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Tuesday, 3 April 2018

10 New Strategies for Stress Management


Did you know you have a large number of capacities you are not using at full throttle?

There is a lot more you can do to manage your stress than you think. Much of it resides in building up your inner capacities.

I’ll review 10 of the best research-based strategies for managing stress. Many of these are tried and true tools you will know, and others will be new to you. And, what is especially new, is the connection with your inner capacities, known as character strengths, which can help you with each strategy.

Use reframing: This is a mental activity that involves looking at a stressor or negative situation and explaining it (realistically and honestly) in a positive or neutral way. Many times, when something bad happens to us, we get emotionally wrapped up in the negative. But, this is a bit dishonest as it’s usually not the whole picture. There’s usually another vantage point.

Strength tip: Use your strengths of critical thinking and hope to look at any negative situation in a fresh way. You might tap into hope to see how there are benefits to the stressor. You might deploy critical thinking to examine the situation from multiple, detailed angles. This will help you see pros and cons, positives and negatives.

Improve your planning:
Stress management research by Robert Epstein has made it clear that stress can be managed through planning. Start making your daily checklists, dust off your planners, and take action by organizing your weekly activities.


Strength tip: The essential strength you use when planning is prudence. You can learn to thinking prudently. Use your prudence to take stock each morning on the work tasks you’d like to accomplish, the household tasks you must get done, and the fun activities you want to do.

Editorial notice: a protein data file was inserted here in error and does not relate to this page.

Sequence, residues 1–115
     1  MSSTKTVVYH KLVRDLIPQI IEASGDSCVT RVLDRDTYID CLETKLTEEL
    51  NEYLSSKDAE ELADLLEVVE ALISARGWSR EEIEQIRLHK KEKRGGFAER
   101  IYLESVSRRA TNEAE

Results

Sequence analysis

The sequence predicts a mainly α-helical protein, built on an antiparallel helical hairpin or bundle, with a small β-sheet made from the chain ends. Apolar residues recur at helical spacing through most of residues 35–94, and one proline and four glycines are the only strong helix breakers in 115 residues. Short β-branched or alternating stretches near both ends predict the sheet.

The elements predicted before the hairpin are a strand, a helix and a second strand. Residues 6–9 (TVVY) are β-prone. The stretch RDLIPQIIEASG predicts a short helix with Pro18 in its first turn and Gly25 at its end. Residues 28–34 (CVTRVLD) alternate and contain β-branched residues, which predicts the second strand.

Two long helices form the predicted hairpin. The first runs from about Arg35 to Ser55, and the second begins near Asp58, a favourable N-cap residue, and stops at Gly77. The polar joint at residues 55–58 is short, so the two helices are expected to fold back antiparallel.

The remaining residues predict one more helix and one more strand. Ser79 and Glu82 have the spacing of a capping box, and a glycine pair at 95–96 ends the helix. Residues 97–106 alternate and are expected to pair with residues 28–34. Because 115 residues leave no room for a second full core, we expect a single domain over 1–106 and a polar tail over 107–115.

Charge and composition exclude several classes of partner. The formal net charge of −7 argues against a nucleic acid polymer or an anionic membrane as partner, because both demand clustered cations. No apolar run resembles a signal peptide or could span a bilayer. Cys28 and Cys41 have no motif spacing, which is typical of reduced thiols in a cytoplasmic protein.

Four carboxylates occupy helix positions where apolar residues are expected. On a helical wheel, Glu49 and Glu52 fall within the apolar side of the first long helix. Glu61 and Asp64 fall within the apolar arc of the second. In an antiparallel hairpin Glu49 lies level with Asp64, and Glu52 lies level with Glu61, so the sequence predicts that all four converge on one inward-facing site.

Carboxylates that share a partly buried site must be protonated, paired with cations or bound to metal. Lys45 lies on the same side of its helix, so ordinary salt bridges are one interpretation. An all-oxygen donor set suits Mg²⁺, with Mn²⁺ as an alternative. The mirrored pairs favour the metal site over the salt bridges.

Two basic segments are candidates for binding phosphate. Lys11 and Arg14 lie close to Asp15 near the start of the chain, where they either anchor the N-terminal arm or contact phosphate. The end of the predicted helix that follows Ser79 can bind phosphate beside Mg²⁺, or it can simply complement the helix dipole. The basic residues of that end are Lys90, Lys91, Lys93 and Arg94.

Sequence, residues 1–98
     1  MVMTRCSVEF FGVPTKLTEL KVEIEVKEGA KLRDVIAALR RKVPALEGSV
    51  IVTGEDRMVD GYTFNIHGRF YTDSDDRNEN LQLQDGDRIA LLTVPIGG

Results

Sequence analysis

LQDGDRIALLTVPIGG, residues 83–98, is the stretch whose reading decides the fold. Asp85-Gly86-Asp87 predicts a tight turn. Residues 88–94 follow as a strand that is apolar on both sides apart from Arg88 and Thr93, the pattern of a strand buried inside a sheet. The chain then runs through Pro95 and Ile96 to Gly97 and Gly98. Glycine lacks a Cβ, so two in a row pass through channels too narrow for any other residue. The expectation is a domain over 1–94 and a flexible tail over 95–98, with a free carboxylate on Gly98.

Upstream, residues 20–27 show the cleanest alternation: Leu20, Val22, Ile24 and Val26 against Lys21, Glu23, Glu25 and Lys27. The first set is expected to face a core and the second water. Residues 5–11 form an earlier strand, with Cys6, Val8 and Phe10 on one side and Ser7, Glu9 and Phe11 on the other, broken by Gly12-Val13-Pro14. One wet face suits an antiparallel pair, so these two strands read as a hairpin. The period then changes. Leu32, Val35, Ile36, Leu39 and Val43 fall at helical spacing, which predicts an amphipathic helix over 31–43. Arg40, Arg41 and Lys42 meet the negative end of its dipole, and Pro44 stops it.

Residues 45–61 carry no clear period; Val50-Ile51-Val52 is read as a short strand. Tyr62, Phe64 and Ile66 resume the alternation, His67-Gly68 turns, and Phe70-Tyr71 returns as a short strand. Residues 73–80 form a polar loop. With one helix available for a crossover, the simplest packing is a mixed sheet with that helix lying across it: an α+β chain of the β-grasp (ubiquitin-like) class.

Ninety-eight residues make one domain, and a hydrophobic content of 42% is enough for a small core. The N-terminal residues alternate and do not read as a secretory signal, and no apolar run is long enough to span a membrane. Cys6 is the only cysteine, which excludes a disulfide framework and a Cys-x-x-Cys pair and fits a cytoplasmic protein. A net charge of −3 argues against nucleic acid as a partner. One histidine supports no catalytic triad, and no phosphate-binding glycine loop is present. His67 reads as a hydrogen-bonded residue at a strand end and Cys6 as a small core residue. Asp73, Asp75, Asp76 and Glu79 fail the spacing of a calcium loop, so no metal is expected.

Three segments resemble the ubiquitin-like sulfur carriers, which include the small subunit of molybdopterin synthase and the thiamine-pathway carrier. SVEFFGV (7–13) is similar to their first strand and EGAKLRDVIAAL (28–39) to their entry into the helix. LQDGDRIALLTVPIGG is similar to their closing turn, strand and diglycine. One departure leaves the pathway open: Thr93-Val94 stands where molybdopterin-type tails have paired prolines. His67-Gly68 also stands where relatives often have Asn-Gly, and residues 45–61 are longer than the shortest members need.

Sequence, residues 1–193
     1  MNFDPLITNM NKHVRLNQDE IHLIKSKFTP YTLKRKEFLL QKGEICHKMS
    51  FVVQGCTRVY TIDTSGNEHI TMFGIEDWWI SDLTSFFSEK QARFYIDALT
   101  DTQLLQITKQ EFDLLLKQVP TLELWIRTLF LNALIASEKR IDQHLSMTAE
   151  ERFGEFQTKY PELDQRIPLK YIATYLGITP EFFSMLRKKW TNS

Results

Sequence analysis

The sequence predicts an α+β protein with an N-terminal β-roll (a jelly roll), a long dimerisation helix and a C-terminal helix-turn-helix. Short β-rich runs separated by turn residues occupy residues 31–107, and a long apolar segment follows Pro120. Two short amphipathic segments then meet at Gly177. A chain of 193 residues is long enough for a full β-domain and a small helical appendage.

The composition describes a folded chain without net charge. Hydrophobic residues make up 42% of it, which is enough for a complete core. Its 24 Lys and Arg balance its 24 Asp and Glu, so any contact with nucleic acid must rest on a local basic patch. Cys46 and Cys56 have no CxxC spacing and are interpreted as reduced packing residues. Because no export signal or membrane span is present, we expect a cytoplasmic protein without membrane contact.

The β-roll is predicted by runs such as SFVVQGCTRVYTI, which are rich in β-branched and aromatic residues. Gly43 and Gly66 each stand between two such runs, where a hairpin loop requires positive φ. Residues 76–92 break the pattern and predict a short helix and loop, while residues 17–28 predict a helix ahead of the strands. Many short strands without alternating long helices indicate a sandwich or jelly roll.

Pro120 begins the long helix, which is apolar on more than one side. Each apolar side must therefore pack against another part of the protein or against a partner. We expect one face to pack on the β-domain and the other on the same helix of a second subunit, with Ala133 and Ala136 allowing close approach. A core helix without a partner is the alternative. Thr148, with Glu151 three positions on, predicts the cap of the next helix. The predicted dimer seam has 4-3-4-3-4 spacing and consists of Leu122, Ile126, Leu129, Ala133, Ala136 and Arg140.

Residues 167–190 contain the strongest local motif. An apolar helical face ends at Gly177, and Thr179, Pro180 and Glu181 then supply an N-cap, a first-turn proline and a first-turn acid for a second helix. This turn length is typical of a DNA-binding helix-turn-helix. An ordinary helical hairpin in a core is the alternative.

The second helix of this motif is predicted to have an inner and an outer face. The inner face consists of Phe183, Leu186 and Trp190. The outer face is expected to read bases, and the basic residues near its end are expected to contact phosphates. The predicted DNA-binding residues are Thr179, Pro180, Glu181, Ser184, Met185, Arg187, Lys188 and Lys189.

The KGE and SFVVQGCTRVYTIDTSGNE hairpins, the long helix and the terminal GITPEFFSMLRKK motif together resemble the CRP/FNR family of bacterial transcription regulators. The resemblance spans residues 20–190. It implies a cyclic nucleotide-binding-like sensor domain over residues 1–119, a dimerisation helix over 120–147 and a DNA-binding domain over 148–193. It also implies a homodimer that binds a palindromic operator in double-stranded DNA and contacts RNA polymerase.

Learn relaxation:
Where would a stress management list be without relaxation techniques? Scores of studies have showed an important link with relaxation tools such as progressive muscle relaxation, deep breathing, guided imagery, clinical hypnosis, and biofeedback are all useful for managing stress.

Strength tip: Any relaxation strategy involves use of your self-regulation strength. This strength involves taking control of your breathing and creating a greater feeling of calmness in your body’s physiology. In turn, such self-regulation has a positive impact on your racing mind and your worries of the day.

Affirm your values: Research studies have shown that those who think about their highest values before a stressful event actually experience less stress and show a substantial decrease in the stress hormone, cortisol, compared to control groups.

Strength tip: Each of the 24 character strengths can be the subject of this activity – in other words, something highly valued. Prior to an upcoming stressor, reflect on how much you value one of your character strengths.

Use one of your signature strengths: Many studies, across cultures, now show that using one top strength in a new way leads to greater happiness and less distress.

Strength tip: The challenge is to consider how you will use your best quality in a new way. For a list of ideas, see this article here. This strategy helps you widen how you think about and how you act from your strengths.




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